Boy, give a guy a blue turf and a bowl win over Big Game Bob – like that’s so freakin’ unusual – and the next thing you know he wants to dictate terms to the rest of college athletics.
You may remember these classic hits from Boise State President Bob Kustra:
- “The BCS is a fundamentally flawed system that is unfair in its access, governance and revenue distribution…”
- “We want to propose to the NCAA a mandated home-and-home scheduling arrangement for I-A non-conference football games. Why should Boise State go to Georgia, but more than likely they’re not going to return it?”
- “… Nowhere is the inequality of the BCS system more evident than in revenue distribution.”
- “There is considerable irony in the fact that in the highest temple of political correctness, American higher education, the BCS worships the false idols of monopoly, inequity and greed at the expense of the virtues of fairness, access and competition.”
Then again, you may not, because, quite frankly, nobody outside of Kustra’s family really cares what’s bothering him. That’s not slowing him down, though. There’s always a new issue du jour to rage against, and today it’s big conference autonomy. Kustra has submitted an op-ed to USA Today, but since that isn’t the same thing as getting it printed there, he’s turned it over to local media, too. It’s a real call to arms.
To assure the largesse that intercollegiate athletics needs to feed itself and to perpetuate the dominance of a few, for years now the NCAA leadership has carefully controlled the decision-making structure at the Division 1 level. In the past, the BCS structure guaranteed monopoly control, but the so-called “high resource” five conferences seem to pull the strings these days, with two of the conferences taking the lead in calling the shots for the others. It seems they are never satisfied with their bloated athletic budgets, especially when threatened in recent years by upstart, so-called mid-major programs that steal recruits, oftentimes beat the big boys, “mess with” the national rankings and sometimes take postseason bowl games and revenue away from the anointed few. If they have the resources to outspend their Division 1 colleagues with fewer resources, then why not fix the NCAA rules to do so.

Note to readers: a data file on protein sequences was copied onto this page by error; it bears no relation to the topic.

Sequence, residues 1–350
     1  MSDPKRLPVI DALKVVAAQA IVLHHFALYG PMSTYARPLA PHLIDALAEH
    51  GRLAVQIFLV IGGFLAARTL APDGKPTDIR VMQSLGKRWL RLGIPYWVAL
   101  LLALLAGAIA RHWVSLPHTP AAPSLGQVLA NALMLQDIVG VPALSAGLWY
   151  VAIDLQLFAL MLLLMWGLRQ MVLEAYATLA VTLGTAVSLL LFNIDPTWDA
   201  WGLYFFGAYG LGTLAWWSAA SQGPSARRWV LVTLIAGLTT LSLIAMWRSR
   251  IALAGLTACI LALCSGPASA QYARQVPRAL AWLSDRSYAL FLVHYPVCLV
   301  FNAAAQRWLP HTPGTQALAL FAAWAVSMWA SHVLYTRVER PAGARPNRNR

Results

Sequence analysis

The latest round of NCAA reforms proposes a new governance structure that President Harris Pastides of the University of South Carolina described in a New York Times op-ed piece as allowing universities “to independently determine at what level they can provide resources to benefit students.” Now there’s a sure-fire way to kick off a race for larger athletics budgets. At the very least, they are to be commended for their honesty.
Of course, this grab for money and power is couched in the noblest of terms – it’s all about the student-athletes and paying them beyond the scholarship because they generate revenue for the programs.
Now this shit might be taken seriously, except that Kustra’s had his hand out for some of the loot the big boys keep to themselves for so long that it comes off as little more than comic relief. And, yeah, more than a little hypocritical.
It is sometimes hard to believe that our finest universities and their presidents are behind this effort to fuel what the former NCAA President Myles Brand termed the “arms race” in Division 1 athletic budgets. You would think that the primacy of the academic mission and the long-held principles of amateur athletics would trump the drive toward commercialism and professionalism in the athletic department. You would think that university presidents would be up in arms at the way the NFL and the NBA use the universities’ athletic departments as training camps and minor league clubs for professional sports.
Kustra would be more than happy to have Boise State take part in the arms race. It’s just that the Jim Delanys of the world won’t cut him in on the deal.
In related news, Boise State just sold the naming rights to its stadium for $625,000 per year for the next fifteen years. No doubt that’s to insure that the academic mission retains its primacy. Wait, what?
With unlimited meals already approved and cost-of-attendance stipends fast approaching on the horizon, the cost of competing in big-time college football is set to increase substantially in the coming years. To his credit, athletic director Mark Coyle wasn’t shy in connecting those developments to today’s.
“There’s a lot of things that are coming down the pipe line,” Coyle said. “A lot of those things need to be defined, but these are things that will help our program to provide for our student-athletes in every way we can.
“We talk about providing a first-class experience to our student-athletes and when we are able to secure a partnership like this with Albertsons, that’s a difference maker for our program to help us address some of those concerns that are coming up in the future.”
Yes, it’s hard to believe.